I will say that although I very clearly remember the story including how it ends, the story is still compelling to read. Knowing what is to come hasn't detracted from the content in the least. I can see why my non-readers remember it fondly.

Has anyone seen the movie? I never have and I definitely want to see it although I suspect it won't measure up to the book.

message 5: by Julie (new)

Julie S. I read the short story in school, so a chance to read the expanded novel form was exciting. However, the novel, in my opinion, was not as good as than the short story. Maybe part of it was because I know the basic plot, but I think most of it was because it felt more clumsy.

Maybe this is not a popular opinion to have in a group about controversial books, but it felt almost like the author was including the more controversial stuff just for the sake of being "edgy." It felt more distracting.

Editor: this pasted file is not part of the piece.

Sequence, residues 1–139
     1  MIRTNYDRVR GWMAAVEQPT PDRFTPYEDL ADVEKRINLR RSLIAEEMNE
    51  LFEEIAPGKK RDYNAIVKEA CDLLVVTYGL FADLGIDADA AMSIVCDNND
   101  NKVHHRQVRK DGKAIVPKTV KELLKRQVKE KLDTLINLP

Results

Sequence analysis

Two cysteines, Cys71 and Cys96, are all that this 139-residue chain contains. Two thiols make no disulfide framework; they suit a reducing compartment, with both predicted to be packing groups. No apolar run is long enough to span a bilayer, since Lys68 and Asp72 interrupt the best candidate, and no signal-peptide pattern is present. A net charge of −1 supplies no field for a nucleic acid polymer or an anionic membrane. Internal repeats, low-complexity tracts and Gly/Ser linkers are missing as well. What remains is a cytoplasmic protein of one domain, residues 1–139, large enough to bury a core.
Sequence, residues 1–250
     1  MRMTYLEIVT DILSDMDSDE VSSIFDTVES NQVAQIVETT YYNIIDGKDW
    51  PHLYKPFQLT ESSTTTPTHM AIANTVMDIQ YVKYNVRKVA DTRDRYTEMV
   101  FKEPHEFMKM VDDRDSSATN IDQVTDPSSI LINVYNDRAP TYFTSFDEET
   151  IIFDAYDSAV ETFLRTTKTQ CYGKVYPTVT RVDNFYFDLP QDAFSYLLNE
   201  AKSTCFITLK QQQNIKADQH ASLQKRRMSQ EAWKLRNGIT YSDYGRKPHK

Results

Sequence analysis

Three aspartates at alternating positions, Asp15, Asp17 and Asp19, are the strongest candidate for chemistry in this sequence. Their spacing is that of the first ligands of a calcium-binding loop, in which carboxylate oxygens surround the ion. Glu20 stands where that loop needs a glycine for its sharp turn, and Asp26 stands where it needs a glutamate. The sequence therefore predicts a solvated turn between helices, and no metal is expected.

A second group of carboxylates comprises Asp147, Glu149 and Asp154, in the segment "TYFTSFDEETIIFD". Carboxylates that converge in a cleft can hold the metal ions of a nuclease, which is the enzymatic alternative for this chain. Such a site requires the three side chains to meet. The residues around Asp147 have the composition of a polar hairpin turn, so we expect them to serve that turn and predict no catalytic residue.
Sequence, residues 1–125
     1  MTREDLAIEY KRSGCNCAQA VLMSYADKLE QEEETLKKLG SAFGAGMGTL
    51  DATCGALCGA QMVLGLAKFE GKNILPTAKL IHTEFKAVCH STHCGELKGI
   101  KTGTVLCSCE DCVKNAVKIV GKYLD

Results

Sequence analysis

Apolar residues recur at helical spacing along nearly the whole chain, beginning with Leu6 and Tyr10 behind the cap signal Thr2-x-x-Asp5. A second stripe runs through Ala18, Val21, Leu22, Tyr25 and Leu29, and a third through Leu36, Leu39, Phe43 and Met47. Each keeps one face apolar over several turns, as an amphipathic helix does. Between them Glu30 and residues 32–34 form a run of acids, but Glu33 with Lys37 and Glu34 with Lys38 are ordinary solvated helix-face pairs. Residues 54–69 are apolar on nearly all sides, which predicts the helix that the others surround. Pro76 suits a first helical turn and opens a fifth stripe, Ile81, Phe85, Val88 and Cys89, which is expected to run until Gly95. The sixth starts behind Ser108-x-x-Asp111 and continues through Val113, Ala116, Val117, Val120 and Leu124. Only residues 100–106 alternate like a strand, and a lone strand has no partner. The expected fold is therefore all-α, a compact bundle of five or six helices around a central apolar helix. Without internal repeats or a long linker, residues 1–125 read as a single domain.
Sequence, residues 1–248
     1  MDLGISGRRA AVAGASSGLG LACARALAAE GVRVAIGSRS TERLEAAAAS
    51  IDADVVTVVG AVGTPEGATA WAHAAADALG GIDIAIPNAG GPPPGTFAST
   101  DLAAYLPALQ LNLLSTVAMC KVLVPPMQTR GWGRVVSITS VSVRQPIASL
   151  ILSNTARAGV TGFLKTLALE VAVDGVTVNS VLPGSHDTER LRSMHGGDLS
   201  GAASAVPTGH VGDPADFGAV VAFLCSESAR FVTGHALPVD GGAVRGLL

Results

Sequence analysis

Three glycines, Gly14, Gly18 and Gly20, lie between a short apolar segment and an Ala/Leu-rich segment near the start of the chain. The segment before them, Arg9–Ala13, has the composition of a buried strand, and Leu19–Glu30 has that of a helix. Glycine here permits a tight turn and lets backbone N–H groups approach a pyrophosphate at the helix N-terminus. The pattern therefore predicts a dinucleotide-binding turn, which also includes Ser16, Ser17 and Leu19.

I don't know if anyone else feels this way or if I am just randomly ranting, but I thought that I would throw that out there.

message 6: by Satia (new)

Satia Julie, I had never read the short story so I did a quick search and I found it online.

I'll read the short story after I finish rereading the novel. I am curious what "edgy" content was added. Thanks.

message 7: by Lisa (new)

Lisa Vegan (lisavegan) I don't have time to reread this, but this book used to be a favorite and I reread it several times.

message 8: by Trisha (new)

Trisha I am excited that we will be reading this book! Not only is it on my lifetime reading list...but it is actually on my book shelf waiting to be read! I plan to start it this weekend :-)